Botanists from the University of British Columbia and the University of Wisconsin have all the reasons to be proud of themselves. These folks have discovered in North America a new carnivorous plant known as Triantha occidentalis. The plant makes its home in bogs and wetlands.
The exciting news is brought by SciTechDaily.com. The plant has a pretty ingenious method for hunting insects such as gnats and midges: it shoots up flowering stems that are coated with sticky hairs.
Member of the Alismatales order
The plant is a member of the Alismatales order, meaning a group of largely aquatic flowering plants. Also, Triantha is belonging to a group of carnivorous plants that are capable of digesting prey directly.
Lead author Qianshi Lin declared, as quoted by SciTechDaily.com:
What’s particularly unique about this carnivorous plant is that it traps insects near its insect-pollinated flowers,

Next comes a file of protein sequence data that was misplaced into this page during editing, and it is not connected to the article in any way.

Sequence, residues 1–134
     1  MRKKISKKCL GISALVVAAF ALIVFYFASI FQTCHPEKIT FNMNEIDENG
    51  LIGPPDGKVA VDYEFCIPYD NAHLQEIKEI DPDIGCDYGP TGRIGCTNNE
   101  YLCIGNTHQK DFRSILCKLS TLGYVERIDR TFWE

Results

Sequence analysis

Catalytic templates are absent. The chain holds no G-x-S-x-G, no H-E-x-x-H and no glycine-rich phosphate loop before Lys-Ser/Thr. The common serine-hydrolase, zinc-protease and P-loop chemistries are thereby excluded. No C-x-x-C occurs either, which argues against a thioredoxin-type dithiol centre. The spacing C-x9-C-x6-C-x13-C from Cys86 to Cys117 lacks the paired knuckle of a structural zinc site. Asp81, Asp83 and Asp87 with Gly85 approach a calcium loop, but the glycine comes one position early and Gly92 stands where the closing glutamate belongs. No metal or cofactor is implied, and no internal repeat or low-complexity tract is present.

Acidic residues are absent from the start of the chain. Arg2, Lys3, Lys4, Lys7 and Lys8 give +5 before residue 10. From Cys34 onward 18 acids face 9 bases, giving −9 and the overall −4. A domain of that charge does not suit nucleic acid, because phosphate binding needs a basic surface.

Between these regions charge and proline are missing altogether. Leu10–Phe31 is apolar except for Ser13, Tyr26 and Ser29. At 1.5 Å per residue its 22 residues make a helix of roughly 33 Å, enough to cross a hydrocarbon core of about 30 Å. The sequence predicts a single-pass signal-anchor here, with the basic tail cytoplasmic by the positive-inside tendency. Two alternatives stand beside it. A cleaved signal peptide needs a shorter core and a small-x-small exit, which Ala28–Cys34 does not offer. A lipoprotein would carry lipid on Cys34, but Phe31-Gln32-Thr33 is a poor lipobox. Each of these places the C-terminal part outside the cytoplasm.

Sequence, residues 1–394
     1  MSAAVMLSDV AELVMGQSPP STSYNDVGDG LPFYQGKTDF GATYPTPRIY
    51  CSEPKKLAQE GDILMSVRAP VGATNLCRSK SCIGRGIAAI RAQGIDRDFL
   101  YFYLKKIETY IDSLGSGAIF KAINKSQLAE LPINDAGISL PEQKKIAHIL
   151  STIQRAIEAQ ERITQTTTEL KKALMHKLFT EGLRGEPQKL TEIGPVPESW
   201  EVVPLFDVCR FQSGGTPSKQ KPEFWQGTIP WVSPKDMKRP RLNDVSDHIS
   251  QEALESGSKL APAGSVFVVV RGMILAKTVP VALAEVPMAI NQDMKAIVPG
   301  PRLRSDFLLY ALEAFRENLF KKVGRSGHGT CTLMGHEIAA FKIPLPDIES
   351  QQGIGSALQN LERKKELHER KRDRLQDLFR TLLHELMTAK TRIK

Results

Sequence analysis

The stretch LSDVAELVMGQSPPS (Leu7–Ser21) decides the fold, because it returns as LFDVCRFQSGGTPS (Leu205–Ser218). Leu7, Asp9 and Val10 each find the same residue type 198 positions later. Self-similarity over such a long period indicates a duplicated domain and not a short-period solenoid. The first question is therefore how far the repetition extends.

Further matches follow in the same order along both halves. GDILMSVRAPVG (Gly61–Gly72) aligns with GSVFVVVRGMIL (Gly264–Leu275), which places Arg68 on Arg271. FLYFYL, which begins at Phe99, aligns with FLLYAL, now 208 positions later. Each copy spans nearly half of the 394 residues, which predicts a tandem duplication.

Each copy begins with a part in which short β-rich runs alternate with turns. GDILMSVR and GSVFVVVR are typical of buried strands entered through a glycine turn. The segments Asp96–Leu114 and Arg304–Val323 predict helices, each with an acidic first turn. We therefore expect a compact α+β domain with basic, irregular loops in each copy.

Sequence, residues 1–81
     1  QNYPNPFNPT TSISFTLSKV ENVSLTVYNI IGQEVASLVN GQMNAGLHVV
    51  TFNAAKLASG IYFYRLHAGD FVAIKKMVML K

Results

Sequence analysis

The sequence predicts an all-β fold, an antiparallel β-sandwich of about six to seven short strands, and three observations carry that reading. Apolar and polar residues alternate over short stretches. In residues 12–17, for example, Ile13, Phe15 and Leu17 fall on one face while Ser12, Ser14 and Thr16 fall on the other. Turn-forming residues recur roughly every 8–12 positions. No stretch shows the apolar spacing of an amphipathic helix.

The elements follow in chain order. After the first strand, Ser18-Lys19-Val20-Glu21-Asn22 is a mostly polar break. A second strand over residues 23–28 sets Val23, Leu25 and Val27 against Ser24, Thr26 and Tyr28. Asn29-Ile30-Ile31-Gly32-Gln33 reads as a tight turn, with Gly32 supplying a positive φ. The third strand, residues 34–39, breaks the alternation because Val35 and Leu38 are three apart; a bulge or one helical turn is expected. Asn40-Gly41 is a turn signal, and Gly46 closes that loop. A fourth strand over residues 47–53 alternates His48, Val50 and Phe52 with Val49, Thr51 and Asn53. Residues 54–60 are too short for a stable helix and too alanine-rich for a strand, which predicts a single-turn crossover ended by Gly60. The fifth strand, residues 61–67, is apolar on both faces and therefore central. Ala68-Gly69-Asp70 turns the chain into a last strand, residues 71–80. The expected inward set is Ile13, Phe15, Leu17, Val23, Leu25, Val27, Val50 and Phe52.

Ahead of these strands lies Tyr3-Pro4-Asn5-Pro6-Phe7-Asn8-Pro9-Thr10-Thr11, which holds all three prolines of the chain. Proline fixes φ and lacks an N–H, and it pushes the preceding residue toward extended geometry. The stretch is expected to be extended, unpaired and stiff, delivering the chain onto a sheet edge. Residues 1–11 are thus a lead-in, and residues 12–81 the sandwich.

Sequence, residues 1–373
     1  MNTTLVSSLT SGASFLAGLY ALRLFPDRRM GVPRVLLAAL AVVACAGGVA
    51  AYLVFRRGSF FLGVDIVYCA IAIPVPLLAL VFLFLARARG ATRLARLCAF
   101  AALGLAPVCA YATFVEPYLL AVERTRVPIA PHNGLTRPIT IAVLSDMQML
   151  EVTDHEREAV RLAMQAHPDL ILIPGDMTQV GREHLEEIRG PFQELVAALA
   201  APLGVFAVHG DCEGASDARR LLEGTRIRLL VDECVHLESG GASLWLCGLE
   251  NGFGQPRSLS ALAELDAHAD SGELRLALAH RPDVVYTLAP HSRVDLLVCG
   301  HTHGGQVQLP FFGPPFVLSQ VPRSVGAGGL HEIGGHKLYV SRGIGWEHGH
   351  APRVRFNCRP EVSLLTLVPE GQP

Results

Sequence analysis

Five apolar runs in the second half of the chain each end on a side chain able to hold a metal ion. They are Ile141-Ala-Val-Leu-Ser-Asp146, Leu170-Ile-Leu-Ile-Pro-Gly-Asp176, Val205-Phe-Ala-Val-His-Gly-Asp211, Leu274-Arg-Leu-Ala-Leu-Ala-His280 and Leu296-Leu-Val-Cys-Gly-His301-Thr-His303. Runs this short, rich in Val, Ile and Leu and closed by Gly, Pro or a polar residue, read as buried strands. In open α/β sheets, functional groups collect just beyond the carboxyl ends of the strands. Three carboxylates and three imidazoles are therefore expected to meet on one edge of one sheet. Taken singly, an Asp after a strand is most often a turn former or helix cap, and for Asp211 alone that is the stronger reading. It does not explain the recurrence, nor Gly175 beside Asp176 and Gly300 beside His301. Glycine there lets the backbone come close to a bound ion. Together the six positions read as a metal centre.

On the surface, this seems like a conflict between carnivory and pollination because you don’t want to kill the insects that are helping you reproduce.
The plant even appears to be capable of doing some interesting sorting. Tom Givnish, a UW-Madison botany professor and also a co-author of the new report, said as cited by SciTechDaily.com:
We believe that Triantha occidentalis is able to do this because its glandular hairs are not very sticky, and can only entrap midges and other small insects, so that the much larger and stronger bees and butterflies that act as its pollinators are not captured.
According to Britannica.com, the 14 Alismatales families are Alismataceae, Potamogetonaceae, Zosteraceae, Tofieldiaceae, Ruppiaceae, Hydrocharitaceae, Aponogetonaceae Posidoniaceae, Cymodoceaceae, Limnocharitaceae, Butomaceae, Scheuchzeriaceae, Juncaginaceae and Araceae.
The new discovery was published in Proceedings of the National Academy of Sciences of the United States of America.